Source: ABS 2017 Census of Population and Housing, 2016, Australian Bureau of Statistics

People born in Africa and the Middle East are concentrated in a small number of capital city suburbs


Units/Description: Percentage of the population born in Africa or the Middle-East, 2016
Notes: Map is coloured by ABS SA3s. See Appendix A of Regional Patterns paper for a discussion of map methodology
Source: ABS 2017 Census of Population and Housing, 2016, Australian Bureau of Statistics

Cities have a higher proportion of tertiary educated people


Units/Description: Percentage of the adult population with tertiary education, 2011
Notes: Percentage of the population over 15 with tertiary education. Map is coloured by ABS SA3s, and grouped into population-weighted septiles. The outer suburbs of Brisbane have been excluded to aid readability. See Appendix A of Regional Patterns paper for a discussion of map methodology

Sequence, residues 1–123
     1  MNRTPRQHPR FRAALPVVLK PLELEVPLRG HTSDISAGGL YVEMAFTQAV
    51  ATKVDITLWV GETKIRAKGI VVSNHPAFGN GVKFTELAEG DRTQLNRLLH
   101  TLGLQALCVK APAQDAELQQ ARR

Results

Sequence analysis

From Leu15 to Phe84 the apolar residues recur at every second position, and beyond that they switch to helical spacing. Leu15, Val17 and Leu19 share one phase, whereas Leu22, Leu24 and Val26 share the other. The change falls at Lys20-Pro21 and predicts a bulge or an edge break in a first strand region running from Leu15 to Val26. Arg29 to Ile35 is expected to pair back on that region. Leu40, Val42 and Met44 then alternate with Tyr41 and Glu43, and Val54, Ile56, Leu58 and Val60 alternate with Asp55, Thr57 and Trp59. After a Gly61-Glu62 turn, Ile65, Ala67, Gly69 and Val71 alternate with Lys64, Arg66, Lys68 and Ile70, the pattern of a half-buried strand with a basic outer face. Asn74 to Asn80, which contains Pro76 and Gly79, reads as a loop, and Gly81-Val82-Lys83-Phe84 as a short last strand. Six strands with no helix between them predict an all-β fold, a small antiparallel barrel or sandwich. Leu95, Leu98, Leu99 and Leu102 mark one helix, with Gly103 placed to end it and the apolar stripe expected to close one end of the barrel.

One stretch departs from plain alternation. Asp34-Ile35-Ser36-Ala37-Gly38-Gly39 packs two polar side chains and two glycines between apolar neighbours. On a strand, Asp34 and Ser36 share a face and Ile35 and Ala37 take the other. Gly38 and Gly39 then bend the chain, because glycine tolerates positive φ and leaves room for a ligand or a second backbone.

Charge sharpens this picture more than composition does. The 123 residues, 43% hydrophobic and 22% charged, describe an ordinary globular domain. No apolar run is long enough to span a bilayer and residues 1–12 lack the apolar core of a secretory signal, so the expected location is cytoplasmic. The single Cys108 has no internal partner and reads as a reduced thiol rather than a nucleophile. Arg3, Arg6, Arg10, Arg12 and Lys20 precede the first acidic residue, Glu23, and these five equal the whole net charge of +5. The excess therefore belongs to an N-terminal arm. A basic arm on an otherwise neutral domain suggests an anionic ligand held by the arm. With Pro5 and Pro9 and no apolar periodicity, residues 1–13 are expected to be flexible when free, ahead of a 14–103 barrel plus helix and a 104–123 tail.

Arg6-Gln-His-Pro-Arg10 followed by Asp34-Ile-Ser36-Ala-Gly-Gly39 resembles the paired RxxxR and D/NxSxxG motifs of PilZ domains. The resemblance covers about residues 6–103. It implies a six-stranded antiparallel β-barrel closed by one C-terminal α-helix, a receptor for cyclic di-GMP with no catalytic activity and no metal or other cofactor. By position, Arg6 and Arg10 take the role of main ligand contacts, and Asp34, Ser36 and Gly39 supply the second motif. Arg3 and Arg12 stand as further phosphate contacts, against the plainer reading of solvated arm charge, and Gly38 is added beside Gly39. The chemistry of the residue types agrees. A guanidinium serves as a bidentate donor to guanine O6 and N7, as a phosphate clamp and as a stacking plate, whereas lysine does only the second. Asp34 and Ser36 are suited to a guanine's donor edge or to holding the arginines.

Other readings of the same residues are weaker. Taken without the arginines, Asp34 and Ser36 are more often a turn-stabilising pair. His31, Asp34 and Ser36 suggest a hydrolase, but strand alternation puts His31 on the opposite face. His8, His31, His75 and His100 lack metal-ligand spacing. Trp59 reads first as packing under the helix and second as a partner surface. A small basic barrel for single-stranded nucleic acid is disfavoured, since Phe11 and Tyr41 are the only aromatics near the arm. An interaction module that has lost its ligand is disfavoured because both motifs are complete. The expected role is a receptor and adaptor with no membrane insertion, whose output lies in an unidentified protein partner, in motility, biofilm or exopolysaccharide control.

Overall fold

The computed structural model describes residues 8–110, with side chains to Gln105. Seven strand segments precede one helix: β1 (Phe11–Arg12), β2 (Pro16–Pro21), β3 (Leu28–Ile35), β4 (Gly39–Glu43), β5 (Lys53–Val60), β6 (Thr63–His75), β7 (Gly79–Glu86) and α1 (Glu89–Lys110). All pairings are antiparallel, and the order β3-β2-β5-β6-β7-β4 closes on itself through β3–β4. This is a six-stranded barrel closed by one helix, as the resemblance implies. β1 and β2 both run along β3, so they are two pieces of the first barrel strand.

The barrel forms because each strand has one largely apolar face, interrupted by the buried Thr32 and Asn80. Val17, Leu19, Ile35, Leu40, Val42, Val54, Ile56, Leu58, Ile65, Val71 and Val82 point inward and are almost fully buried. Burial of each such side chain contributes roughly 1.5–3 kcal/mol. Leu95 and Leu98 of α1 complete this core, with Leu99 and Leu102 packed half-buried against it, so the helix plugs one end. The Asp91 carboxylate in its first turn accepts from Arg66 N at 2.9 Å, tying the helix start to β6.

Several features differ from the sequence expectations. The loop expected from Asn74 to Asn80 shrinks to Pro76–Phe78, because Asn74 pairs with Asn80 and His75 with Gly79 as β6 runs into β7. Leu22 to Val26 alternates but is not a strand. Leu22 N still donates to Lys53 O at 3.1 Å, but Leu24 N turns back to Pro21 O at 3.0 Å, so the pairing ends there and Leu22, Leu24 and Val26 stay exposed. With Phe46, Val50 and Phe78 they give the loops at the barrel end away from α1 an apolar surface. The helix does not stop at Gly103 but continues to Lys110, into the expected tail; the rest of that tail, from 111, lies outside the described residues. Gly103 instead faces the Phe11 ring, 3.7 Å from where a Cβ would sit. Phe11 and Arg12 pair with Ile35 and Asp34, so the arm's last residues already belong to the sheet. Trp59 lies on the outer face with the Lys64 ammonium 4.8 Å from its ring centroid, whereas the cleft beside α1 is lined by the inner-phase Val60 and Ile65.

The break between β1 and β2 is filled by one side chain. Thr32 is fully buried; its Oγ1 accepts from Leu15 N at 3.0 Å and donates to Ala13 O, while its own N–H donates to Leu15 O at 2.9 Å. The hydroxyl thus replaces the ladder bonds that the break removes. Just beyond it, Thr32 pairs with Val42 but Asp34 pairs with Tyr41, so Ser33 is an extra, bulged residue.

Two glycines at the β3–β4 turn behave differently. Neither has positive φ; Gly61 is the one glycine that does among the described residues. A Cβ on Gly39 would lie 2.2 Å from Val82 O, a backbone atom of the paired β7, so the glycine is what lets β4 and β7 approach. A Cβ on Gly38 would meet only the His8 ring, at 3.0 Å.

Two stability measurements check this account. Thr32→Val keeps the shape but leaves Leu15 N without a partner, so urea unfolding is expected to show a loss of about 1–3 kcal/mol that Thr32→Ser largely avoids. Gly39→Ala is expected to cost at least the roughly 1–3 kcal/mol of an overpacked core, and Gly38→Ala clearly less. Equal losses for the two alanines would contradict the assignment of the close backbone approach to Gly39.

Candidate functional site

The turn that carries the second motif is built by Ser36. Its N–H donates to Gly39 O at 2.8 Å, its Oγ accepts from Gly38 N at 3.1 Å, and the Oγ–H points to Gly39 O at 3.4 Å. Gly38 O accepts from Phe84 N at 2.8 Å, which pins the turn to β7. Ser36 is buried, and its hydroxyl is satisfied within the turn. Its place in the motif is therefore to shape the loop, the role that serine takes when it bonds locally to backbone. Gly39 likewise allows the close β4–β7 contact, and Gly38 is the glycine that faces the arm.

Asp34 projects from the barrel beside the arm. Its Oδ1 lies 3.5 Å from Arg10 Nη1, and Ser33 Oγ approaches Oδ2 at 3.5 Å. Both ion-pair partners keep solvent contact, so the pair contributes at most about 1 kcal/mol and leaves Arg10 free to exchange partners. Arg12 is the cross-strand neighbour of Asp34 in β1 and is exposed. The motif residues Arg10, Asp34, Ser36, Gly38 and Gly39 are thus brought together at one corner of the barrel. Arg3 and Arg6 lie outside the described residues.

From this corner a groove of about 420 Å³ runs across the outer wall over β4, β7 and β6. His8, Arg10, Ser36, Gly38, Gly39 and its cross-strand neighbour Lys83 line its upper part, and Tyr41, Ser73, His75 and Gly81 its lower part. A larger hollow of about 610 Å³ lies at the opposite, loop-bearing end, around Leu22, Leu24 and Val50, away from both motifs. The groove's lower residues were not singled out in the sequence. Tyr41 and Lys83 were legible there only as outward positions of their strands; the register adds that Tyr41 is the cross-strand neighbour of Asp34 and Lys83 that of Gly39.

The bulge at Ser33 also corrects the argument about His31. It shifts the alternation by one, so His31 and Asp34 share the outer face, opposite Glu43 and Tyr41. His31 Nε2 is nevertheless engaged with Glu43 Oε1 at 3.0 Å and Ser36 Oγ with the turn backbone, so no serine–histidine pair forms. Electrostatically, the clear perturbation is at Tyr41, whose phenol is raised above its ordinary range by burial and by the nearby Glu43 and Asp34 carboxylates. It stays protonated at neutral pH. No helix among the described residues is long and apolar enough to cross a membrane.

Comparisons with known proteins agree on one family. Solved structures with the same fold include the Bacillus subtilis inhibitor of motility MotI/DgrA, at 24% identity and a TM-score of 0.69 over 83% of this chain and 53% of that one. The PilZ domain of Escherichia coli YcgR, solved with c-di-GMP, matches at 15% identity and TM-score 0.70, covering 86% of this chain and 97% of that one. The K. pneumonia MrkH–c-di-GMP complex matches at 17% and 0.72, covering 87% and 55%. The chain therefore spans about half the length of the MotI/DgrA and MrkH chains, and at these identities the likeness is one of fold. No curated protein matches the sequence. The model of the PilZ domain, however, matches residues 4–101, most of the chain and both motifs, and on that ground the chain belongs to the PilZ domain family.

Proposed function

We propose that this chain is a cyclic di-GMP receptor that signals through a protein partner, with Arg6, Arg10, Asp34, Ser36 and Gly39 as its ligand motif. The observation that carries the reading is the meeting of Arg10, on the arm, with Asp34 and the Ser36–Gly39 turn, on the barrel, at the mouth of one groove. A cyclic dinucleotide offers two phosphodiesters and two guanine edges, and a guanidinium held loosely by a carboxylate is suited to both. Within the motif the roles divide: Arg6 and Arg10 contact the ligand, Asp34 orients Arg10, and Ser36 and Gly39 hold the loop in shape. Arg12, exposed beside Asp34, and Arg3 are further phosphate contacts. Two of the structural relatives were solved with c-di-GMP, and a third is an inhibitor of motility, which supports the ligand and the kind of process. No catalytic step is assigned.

Source: ABS 2017 Census of Population and Housing, 2016, Australian Bureau of Statistics

Regional NSW and regional Victoria have older populations than the rest of the country


Units/Description: Median age, 2016
Notes: Map is coloured by ABS SA3s, and grouped into population-weighted septiles. The outer suburbs of Brisbane have been excluded to aid readability. See Appendix A of Regional Patterns paper for a discussion of map methodology.
Source: ABS 2017 Census of Population and Housing, 2016, Australian Bureau of Statistics